Most analysts agree — the housing market is in recovery. Prices are rising, sales are increasing, and home builders are clearing lots and raising frames in desirable areas. The pace of the housing recovery, however, will be slow and uneven, and there’s no guarantee that prices won’t fall for homes in areas that were overbuilt last decade, or that are in undesirable locations.
Still, in looking at the myriad of housing data, the trend is clear.
The most recent S&P/Case-Shiller Index, a private-sector home value gauge, reported that home values rose on a month-to-month basis in April for the first time this year. The index may be flawed, but it’s a consistent way to measure the long-term, historical path of home values.
There are other measures of a housing recovery, too. For example, the pace of new home construction has quickened and the National Association of REALTORS® reports that the Pending Home Sales Index climbed to its highest level since April 2010 — the last month of that year’s federal home buyer tax credit.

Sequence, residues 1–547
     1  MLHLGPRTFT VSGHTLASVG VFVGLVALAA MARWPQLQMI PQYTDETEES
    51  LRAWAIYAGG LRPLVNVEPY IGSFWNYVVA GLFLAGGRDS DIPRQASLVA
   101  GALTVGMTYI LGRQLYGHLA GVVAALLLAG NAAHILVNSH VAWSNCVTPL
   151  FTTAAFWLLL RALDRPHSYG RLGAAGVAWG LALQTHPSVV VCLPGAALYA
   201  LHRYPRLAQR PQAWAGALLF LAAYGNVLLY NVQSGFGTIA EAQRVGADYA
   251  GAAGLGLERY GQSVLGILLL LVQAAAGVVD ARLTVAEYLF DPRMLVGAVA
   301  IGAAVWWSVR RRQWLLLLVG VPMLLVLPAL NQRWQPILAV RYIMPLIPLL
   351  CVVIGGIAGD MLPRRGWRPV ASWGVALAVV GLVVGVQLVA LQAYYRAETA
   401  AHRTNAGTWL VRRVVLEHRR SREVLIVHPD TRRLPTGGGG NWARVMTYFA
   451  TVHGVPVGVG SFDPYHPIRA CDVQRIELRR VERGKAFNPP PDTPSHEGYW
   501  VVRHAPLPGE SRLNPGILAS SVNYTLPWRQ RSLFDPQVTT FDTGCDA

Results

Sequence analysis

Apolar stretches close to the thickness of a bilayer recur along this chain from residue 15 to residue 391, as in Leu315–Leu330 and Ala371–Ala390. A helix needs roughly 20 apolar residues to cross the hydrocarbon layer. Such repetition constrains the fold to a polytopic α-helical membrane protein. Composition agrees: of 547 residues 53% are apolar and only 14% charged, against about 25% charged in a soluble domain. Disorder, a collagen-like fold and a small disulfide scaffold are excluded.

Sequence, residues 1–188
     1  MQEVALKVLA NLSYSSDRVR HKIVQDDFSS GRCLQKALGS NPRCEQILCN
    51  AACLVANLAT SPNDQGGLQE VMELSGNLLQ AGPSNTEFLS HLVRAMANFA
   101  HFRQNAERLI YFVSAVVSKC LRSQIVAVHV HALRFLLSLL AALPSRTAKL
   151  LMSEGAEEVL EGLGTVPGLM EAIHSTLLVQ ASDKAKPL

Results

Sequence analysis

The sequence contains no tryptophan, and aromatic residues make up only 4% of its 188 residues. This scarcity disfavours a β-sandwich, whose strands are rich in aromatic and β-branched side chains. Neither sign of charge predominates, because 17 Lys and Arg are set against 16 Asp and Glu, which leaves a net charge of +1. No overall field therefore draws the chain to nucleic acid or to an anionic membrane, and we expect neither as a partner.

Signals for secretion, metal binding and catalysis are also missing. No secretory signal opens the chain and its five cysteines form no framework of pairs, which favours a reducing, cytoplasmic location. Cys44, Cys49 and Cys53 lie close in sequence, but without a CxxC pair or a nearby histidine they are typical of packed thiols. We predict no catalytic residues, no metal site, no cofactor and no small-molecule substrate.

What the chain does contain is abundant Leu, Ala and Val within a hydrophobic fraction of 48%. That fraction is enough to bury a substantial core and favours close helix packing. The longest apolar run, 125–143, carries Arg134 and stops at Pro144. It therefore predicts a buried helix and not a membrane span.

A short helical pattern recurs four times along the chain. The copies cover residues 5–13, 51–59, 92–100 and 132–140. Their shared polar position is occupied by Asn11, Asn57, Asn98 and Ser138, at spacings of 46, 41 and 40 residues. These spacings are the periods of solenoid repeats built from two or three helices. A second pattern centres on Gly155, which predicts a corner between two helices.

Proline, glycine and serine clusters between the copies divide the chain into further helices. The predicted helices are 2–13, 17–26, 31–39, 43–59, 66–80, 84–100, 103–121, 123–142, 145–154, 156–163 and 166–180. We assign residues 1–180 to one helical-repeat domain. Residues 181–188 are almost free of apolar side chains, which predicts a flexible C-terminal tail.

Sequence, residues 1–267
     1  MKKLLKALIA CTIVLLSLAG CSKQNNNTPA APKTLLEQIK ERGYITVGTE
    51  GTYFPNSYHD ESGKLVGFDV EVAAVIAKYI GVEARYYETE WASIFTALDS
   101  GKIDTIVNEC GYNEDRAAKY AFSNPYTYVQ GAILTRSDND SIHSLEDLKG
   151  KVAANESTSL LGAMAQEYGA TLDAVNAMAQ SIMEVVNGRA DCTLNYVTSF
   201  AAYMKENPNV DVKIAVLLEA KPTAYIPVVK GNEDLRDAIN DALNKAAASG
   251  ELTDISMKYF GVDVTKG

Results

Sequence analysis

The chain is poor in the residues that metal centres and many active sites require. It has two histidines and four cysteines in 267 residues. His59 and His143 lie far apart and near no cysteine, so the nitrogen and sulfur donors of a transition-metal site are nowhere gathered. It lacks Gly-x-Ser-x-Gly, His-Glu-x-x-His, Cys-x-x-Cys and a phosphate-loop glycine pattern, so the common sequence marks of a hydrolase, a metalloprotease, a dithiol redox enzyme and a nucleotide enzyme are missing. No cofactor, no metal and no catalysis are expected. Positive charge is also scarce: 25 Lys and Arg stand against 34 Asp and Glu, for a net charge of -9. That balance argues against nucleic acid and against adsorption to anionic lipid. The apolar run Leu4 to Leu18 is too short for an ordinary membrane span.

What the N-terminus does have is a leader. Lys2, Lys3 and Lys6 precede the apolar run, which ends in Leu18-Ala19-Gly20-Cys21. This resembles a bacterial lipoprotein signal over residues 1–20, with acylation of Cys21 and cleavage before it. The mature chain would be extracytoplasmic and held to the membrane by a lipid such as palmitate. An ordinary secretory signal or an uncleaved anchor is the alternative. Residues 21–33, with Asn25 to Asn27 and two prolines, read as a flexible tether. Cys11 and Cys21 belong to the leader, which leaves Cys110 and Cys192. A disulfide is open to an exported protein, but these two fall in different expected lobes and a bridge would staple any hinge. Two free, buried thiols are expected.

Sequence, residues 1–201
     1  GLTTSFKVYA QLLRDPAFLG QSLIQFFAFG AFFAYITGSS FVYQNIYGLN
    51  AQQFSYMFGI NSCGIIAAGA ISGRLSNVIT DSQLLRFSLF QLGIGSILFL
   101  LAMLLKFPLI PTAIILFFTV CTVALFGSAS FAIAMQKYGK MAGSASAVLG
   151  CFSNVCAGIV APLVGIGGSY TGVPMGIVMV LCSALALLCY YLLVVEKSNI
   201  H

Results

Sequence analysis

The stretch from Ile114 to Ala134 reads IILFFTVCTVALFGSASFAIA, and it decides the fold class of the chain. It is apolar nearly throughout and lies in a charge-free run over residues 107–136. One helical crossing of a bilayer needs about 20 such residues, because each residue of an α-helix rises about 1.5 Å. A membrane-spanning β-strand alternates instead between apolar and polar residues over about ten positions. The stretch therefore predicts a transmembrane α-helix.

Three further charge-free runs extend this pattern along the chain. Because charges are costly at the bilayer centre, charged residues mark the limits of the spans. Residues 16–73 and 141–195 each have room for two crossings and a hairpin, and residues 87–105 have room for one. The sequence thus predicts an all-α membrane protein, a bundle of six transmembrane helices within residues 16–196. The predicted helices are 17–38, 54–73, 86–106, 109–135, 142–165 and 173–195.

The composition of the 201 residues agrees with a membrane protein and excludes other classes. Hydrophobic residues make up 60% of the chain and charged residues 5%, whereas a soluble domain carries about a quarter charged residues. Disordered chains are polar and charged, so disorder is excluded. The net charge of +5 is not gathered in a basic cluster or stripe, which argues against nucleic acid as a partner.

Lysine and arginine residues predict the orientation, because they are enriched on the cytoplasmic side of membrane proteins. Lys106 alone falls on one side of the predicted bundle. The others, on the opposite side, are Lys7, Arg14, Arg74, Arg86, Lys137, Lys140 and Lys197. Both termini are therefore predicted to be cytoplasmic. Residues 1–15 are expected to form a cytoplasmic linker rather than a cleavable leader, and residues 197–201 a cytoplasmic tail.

Need to hear more? New Home Sales are soaring; buyer foot traffic is up; inventory is down. It’s clear that housing has bottomed — at least, nationally.
2012 marks the fourth straight year that the housing market has teased a revival. In each of the previous three, rallies faded and home prices slid. This year, however, looks different. With pent-up demand for housing and quickly rising rents, home buyers of all types have reason to go into contract. First-time buyers want to avoid rising prices; move-up buyers want to maximize their purchasing power; and investors want to capitalize on rentals.
And, with mortgage rates at 3.62% for a 30-year fixed, home affordability is higher than it’s been in history. See what today’s rates can do for you. Exceptionally low mortgage rates yield exceptionally low mortgage payments.